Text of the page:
Tips for Lowering the Cost of Commercial Propane Mowers

By Jeremy Wishart

Fueling Your Fleet

Purchasing new commercial mowers is always a hefty investment for a professional landscaper. And for companies looking to invest in alternative fuels such as propane, rather than continue operating gasoline or diesel mowers, there’s likely an additional upfront cost associated with the equipment — sometimes as much as $1,000 per mower depending on the model.

Fortunately for contractors, the additional upfront cost of a propane machine can be reduced or recouped over the lifetime of the mower if the propane mower purchaser takes a few actions.

By combining fuel contracts, equipment incentives, OEM rebates and special pricing, using conversion kits for existing machines, and factoring in a propane mower’s higher lifetime productivity, contractors can purchase a clean-burning mower for the same as or less than a gasoline or diesel engine of a similar model.

Tip 1: Take advantage of alternative fuel contracts

A lot of landscape contractors are initially attracted to propane because of the low cost of the fuel. That cost can actually be further reduced for a contractor purchasing propane in bulk over an extended period of time using a fuel contract.

Through a fuel contract with a local propane retailer, contractors can negotiate a fixed price for their propane delivery and propane cylinder leases, and have that agreed-upon price locked in for a year or more. Building a contract for a set price is a budget-friendly practice to prevent headaches associated with fluctuating oil prices.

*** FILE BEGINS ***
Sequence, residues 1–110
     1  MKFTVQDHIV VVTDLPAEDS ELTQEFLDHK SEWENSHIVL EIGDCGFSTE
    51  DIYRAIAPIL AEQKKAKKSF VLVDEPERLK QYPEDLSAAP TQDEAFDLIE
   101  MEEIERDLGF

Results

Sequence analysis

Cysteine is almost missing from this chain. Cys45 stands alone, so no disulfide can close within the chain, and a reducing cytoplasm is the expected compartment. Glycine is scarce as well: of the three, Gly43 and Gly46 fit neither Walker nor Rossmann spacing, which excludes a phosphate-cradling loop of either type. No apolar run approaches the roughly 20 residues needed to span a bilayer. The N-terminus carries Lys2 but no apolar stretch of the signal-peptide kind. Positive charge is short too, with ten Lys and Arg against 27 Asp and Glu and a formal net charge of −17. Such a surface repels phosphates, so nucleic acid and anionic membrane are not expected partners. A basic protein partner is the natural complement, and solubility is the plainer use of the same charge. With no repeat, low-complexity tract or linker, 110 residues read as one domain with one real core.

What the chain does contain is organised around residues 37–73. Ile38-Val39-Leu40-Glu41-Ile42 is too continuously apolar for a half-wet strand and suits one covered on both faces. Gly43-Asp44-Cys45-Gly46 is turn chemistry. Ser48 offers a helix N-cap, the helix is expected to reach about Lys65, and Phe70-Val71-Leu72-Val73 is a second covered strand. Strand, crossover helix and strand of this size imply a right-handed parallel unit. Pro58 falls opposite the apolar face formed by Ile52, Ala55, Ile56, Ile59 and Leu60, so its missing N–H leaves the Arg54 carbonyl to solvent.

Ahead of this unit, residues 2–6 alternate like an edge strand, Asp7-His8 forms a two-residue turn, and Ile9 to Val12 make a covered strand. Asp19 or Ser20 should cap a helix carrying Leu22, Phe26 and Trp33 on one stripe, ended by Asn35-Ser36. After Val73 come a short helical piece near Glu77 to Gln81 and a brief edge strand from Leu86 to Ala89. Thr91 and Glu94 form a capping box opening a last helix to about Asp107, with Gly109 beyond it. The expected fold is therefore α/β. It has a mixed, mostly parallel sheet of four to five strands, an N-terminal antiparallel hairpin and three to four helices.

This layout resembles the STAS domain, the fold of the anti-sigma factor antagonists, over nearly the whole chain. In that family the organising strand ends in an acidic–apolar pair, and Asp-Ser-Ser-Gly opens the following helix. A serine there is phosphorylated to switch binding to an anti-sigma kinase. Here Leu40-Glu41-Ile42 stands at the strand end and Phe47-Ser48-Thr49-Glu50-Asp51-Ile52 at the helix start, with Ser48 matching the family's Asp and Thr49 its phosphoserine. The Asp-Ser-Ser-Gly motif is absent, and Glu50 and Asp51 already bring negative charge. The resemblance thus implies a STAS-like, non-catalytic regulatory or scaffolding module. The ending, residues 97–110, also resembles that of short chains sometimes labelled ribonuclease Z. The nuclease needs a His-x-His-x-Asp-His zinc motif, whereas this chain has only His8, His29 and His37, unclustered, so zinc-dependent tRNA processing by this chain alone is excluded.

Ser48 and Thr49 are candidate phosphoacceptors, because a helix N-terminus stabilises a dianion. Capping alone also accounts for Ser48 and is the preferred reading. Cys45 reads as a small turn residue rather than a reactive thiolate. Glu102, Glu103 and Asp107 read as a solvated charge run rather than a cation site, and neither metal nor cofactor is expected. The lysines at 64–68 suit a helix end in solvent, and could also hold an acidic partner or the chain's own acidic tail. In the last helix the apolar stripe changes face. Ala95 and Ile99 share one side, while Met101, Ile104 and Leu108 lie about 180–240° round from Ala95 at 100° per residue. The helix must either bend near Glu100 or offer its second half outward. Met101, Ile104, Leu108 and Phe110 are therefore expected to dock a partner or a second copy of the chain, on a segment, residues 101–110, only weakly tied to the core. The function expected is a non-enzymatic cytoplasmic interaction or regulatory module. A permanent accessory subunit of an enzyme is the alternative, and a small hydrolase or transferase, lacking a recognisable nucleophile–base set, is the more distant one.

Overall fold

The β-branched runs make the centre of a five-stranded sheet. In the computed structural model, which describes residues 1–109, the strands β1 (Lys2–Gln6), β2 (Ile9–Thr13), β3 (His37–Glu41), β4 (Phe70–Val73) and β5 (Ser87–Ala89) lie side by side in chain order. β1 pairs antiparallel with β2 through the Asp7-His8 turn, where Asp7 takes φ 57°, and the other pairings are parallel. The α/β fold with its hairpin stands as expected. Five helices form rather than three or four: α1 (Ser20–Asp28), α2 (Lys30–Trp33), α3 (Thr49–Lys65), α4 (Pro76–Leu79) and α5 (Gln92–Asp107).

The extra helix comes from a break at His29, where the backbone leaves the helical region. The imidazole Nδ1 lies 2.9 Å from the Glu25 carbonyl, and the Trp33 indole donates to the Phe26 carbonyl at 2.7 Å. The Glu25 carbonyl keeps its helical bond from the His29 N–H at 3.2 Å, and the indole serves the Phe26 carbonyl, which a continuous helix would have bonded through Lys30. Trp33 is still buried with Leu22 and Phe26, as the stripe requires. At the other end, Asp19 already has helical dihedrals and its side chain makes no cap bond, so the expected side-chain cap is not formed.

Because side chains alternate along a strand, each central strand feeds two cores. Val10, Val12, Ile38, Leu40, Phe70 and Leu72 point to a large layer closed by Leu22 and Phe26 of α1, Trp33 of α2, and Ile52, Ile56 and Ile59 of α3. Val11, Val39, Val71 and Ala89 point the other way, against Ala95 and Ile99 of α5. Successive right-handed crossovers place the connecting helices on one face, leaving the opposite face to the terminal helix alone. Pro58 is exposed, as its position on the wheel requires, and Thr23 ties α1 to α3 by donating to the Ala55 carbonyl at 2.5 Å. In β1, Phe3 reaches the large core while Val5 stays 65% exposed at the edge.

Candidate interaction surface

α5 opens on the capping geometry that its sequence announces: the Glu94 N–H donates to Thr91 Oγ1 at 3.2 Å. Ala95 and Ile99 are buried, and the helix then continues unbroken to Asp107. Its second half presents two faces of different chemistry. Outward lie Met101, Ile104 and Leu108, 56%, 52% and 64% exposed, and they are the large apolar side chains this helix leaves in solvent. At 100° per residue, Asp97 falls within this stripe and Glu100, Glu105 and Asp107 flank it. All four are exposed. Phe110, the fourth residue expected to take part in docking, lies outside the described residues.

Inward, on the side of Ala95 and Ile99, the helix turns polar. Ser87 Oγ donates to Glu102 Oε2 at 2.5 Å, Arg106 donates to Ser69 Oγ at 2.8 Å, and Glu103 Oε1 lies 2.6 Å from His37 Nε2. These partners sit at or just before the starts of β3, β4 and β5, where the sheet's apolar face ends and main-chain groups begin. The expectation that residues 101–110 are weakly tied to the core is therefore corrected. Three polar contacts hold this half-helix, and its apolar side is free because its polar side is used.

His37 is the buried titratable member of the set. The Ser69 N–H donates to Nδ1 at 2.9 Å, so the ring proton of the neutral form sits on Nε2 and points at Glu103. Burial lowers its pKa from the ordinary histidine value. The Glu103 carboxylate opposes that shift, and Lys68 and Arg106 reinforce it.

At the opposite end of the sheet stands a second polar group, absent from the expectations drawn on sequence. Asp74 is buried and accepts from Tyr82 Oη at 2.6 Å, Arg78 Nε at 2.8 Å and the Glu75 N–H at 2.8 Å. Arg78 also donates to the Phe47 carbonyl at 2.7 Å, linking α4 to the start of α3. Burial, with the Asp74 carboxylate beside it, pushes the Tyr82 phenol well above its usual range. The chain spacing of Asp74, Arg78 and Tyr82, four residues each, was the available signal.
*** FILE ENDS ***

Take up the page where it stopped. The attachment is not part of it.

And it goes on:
Companies, such as Rotolo Consultants Inc. in Louisiana, are saving up to 40 percent on the cost of fuel for their mowers in comparison to what they were spending on gasoline. A good partnership with their propane retailer helps the company keep fuel costs steady by settling on a fuel contract.

Another example, Davis Mowing Service, in Sauk City, Wis., reported saving as much as $2.70 per gallon of propane compared to gasoline when gasoline prices were high. Stay Green Inc., a company with 66 mowers in Santa Clarita, Calif., estimated that running its fleet on propane costs half of what it cost with gasoline.

Tip 2: Use equipment incentives

Certain states and organizations offer incentives or rebates for using alternative fuels.

The Propane Education & Research Council (PERC), for example, has helped fund equipment purchases and conversions of more than 3,500 machines since starting the Propane Mower Incentive Program in 2012. The program essentially removes the initial cost difference by offering either a $1,000 rebate on a new propane mower or $500 on a qualified conversion kit. It will likely be offered to contractors again starting in October.

Ringers Landscaping in Fox River Grove, Ill., got a new propane mower fleet — 10 Gravely commercial mowers — at 60 percent of the retail cost by applying for the program while PERC was offering double incentives. Owner Erik Ringstrand said Ringers also received a rebate from the state of Illinois that supplemented the purchase.

Davis Mowing Service also used the Propane Mower Incentive Program alongside an incentive through the state of Wisconsin to remove $1,500 from the upfront cost of three new Ferris mowers. And U.S. Lawns, a commercial landscape franchise in Hampton Roads, Va., received nearly $34,000 through PERC’s program and a state incentive program.

Other organizations, such as Clean Cities, local environmental groups, and locally based propane councils, may offer rebates or grants to businesses considering alternative fuel equipment.